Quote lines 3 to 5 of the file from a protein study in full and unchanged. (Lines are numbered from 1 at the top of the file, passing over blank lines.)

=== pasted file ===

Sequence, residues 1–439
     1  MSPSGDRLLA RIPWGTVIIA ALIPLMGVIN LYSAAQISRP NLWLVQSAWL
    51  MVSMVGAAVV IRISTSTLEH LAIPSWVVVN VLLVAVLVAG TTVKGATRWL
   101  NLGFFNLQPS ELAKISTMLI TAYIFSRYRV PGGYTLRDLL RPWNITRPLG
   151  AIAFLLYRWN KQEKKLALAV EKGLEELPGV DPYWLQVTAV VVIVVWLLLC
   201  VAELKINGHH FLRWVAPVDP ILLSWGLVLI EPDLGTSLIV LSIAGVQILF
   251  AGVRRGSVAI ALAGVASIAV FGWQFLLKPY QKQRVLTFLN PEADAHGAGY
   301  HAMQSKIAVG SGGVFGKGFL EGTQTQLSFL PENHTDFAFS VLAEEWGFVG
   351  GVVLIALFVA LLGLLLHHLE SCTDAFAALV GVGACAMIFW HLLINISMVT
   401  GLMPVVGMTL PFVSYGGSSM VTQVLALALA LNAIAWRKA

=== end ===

    51  MVSMVGAAVV IRISTSTLEH LAIPSWVVVN VLLVAVLVAG TTVKGATRWL
   101  NLGFFNLQPS ELAKISTMLI TAYIFSRYRV PGGYTLRDLL RPWNITRPLG
   151  AIAFLLYRWN KQEKKLALAV EKGLEELPGV DPYWLQVTAV VVIVVWLLLC